The global economic expansion of the PRC has contributed greatly to the enlargement of the Chinese diaspora overseas to encompass workers, emigrants, dissidents, criminals and corrupt officials, which has required the Public Security and State Security agencies to take a new approach (China Brief, May 13, 2022). Workers, emigrants and dissidents must be monitored to assess their political stances, while criminals and corrupt officials must be pursued to face justice (or injustice) through the PRC legal system. This has required a new international outlook from PRC agencies. In addition, the growing Chinese diaspora is a primary target of the Chinese Communist Party’s (CCP) United Front strategy. Such efforts should be considered in relation to the “Chinese Assistance Centers” as building the United Front has far greater long-term importance for the CCP than the pursuit of criminals.

There are a range of diverse activities attributed to these “overseas police stations” (or service centers), which require analysis to determine the aims and the PRC agencies involved.

The Public Security Bureau in New York

A key role of “overseas police stations” seems to be the harassment of Chinese political dissidents. This was illustrated in April, when the FBI arrested two Chinese nationals in New York “in connection with opening and operating an illegal overseas police station, located in lower Manhattan, New York, for a provincial branch of the Ministry of Public Security (MPS) of the PRC” (FBI, April 17). The defendants, aged 59 and 61, were charged with conspiring to act as agents of the PRC as well as obstructing justice by destroying evidence of their communications with an MPS official. The defendants allegedly established the first overseas police station in the U.S. for the Fuzhou Public Security Bureau, which is under the supervision of the Ministry of Public Security.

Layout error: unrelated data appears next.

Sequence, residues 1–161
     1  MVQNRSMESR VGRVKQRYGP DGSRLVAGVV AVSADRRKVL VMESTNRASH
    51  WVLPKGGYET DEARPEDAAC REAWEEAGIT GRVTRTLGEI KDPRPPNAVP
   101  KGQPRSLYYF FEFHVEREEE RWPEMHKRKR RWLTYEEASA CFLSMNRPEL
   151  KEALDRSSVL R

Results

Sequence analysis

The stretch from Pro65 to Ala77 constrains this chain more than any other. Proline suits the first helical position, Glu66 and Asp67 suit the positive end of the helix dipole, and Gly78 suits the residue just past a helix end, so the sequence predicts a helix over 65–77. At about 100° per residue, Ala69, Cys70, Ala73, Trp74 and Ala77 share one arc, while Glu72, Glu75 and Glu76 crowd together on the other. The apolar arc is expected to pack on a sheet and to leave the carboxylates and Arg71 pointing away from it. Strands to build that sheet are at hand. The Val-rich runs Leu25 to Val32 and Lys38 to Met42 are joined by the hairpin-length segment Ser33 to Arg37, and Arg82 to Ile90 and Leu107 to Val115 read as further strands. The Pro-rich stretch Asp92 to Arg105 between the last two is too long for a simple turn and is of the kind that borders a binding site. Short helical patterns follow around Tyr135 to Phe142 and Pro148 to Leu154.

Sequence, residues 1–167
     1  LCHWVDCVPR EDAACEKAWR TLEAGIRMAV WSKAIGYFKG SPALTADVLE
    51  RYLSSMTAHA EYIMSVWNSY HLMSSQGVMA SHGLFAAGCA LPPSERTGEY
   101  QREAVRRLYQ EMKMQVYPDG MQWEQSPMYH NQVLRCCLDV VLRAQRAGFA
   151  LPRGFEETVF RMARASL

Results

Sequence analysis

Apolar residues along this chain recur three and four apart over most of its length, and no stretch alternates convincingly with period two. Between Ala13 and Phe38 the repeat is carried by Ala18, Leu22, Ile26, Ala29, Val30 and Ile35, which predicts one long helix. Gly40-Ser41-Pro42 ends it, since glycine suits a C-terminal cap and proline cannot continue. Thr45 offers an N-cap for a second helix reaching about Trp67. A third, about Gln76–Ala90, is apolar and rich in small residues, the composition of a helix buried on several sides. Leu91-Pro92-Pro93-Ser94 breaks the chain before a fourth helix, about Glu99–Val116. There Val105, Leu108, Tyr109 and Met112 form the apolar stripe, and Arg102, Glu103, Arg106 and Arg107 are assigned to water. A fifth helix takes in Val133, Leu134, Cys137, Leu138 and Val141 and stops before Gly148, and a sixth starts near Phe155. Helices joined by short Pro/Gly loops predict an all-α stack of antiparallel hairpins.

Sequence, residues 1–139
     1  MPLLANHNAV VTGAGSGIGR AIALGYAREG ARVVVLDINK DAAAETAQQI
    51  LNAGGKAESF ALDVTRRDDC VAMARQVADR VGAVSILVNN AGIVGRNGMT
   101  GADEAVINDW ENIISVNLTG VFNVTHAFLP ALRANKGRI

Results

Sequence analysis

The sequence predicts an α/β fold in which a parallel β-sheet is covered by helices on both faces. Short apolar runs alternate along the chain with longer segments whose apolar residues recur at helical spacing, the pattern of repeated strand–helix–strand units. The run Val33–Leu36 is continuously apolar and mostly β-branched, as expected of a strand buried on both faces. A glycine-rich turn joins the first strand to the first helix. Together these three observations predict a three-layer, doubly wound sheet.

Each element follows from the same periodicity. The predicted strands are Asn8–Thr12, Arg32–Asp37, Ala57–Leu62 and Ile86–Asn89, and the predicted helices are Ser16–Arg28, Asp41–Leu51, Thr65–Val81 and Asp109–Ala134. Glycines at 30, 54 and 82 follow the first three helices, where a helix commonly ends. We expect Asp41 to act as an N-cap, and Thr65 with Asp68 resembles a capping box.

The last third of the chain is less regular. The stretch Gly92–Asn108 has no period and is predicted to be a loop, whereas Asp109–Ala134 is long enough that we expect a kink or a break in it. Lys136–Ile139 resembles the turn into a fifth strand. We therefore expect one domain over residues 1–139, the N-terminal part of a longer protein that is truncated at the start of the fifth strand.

One of the defendants, Lu Jianwang, allegedly assisted the MPS since around 2015, including by organizing counter-protests against the Falun Gong (a religious group banned in the PRC) during President Xi Jinping’s visit to Washington, D.C. that same year. A Deputy Director of the MPS who was a member of Xi’s entourage during the visit presented a plaque to Lu, seemingly in reward for his assistance.

Both defendants are U.S. citizens, who belonged to a Fujian association established in Manhattan in 2013. They are reported by the FBI to have been recruited by an MPS official in Fujian Province in 2018 and subsequently tasked with ascertaining the locations of persons of interest in the U.S. Lu’s relationship with the PRC authorities was not only with the MPS but also with officials from the United Front Work Department, in particular with a senior official of the Fuzhou All-China Federation of Returned Overseas Chinese (U.S. Department of Justice, April 5). He is also a member of the Fujian Provincial Political Consultative Conference (CPPCC). The national CPPCC and its provincial subsidiaries are the core United Front forums that facilitate collaboration with other political parties as well as political consultation with groups and individuals under the CCP’s direction.

The defendants allegedly established the “Fuzhou Police Service Station for Overseas Chinese” in 2022 in a lower Manhattan office. The FBI believes that in January 2022, the Fujian Public Security Bureau held a ceremony in Fuzhou, the provincial capital, marking the establishment of a worldwide chain of “overseas police service stations.”

The FBI case provides insight into how such “overseas police service stations” may function. An MPS official asked defendant Lu Jianwang in March 2022 to confirm the location of a Chinese political dissident living in California. The dissident was a leader of protests against the PRC government during the 1989 Tiananmen Square protests, an advisor to a former U.S. Congressional candidate and the target of a harassment operation organized by the PRC Ministry of State Security (MSS) involving arrests by the FBI in March 2022.